Monday, November 9, 2009

Epic Barbarian Chieftain

(Non-Player Character Concept - Drok Hjanor)

Drok Hjanor was born to lead men in battle. His father had been a Chieftain, and so had his father before him. A long line of brave Hjanor warriors stretched back - as far back as any skald could remember, and their tales were told around fires all across the Frozen Lands.

The day Drok himself was raised to Chieftain - over the body of the former Chieftain - came as no surprise to anyone. Drok had fought by the side of the old Chieftain, Kolo "the Bear" Krasduur in many a battle, but it was expected that Drok would challenge him one day. Leadership was gained through mastery of fear and proof of strength. Some day Drok would be challenged himself, and on the day he failed, he would follow the Bear to the Great Hall. The gods would have it no other way.

It was three years ago to-day that Drok had led his people to the Valley of Greening, an almost mystical place that had only been spoken of in Legend. But he had found it and brought his people to live here. Life would be easier for the women - for them all. This was both a blessing of the gods and a curse of men. Food would grow here, and there was plenty of game to be found. And so Drok had ordered all the men and slaves to work on re-building the fortifications that had stood here during the Age of Giants. If the people were to find rest and peace and comfort in this place, it would have to be defended.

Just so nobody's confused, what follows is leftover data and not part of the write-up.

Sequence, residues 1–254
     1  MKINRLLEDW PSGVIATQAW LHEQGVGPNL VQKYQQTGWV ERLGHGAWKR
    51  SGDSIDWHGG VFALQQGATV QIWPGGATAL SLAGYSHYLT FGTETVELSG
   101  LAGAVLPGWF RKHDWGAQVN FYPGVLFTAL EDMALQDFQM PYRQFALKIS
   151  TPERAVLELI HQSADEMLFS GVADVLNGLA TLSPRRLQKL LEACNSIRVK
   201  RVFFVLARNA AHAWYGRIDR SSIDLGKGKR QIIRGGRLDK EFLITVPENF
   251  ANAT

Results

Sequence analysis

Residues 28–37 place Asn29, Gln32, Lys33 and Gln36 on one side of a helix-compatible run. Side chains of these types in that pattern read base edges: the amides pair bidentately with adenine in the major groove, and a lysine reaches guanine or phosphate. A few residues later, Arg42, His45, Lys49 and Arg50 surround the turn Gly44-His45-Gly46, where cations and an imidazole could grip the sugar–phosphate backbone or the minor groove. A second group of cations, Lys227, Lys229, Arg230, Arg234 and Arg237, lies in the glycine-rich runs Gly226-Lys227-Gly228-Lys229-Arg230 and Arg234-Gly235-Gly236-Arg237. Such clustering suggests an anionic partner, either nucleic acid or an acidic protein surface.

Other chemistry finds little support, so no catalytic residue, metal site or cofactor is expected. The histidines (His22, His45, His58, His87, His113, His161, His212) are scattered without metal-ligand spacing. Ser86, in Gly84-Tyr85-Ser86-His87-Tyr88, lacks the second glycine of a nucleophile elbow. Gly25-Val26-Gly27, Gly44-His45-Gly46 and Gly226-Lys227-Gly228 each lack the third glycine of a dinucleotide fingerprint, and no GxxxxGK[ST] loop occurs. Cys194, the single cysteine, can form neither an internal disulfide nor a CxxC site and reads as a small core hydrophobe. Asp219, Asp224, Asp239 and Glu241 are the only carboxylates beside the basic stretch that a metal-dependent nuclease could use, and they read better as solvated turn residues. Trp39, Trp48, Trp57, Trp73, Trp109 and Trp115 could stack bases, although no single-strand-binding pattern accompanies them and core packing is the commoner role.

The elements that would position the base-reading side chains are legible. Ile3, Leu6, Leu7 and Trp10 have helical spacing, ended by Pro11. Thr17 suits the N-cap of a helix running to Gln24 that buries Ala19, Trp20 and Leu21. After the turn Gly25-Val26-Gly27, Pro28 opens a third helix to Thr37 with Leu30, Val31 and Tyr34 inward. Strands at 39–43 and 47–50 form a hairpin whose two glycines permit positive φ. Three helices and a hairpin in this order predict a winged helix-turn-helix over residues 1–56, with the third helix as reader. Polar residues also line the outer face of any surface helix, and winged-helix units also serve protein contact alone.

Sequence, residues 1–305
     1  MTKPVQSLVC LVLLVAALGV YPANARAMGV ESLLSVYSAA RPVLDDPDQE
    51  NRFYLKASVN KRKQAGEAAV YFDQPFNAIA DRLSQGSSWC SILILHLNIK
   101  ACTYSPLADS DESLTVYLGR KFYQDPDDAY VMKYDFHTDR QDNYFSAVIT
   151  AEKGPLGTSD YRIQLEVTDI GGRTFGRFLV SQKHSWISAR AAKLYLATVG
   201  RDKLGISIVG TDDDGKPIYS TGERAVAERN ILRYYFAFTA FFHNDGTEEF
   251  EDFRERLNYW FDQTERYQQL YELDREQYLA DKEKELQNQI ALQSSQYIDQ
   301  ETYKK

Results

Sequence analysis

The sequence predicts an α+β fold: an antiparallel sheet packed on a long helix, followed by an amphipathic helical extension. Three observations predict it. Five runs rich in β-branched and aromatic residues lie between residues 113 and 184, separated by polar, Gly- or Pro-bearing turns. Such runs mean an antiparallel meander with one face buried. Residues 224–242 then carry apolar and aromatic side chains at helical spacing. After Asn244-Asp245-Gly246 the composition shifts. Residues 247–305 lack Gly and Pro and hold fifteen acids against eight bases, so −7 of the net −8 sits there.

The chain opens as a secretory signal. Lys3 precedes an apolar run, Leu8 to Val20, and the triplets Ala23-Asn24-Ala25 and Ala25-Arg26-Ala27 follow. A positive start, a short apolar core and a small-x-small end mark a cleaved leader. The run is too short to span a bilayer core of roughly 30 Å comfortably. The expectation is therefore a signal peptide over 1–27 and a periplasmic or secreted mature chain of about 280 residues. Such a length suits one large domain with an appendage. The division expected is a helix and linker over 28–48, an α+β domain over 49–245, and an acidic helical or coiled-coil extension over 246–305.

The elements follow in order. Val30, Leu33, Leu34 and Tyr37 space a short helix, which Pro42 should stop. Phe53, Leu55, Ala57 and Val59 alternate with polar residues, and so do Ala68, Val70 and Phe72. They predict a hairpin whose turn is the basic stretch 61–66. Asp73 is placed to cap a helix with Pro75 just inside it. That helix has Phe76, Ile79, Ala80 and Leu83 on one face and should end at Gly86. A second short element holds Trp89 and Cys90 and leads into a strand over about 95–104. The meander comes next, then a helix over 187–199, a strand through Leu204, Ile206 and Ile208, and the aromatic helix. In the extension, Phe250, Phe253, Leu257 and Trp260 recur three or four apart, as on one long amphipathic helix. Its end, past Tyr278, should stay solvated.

It was at the end of the first summer that the ogres' camp had been found. The ogres were strong. The ogres had known no fear ... until Drok led his men against them. On that day many men died in glorious battle, but Drok led them to victory nevertheless. It was a pity that the strongest and bravest among the ogres had had to be put to the axe, but those were too dangerous. The rest were put in dwarf-forged chains and made to help in the building. With their assistance, the project was nearly finished.

And so it was on this day that Drok Hjanor, Chief of Chieftains was surveying the defenses - the walls of stone that would allow his people to hold what they had found. This was the dawn of a New Age for his tribe. An era of prosperity and plenty. His people would thrive here.

It would be far too easy to become weak in such a land. If that happened, then his people would lose everything, for the gods would be displeased. It was his duty to ensure that they never forgot the Old Ways - the Way of Battle. He would do his duty until the day he himself died in battle or challenge. Either way, he would train up his successor.

Drok had picked a half-dozen of the bravest and strongest of the young men. He made them his honour-guard. He brought them to survey their lands. He would make them live outside the valley for a time, to discover their strength and their cunning. He would do this once every year until his last.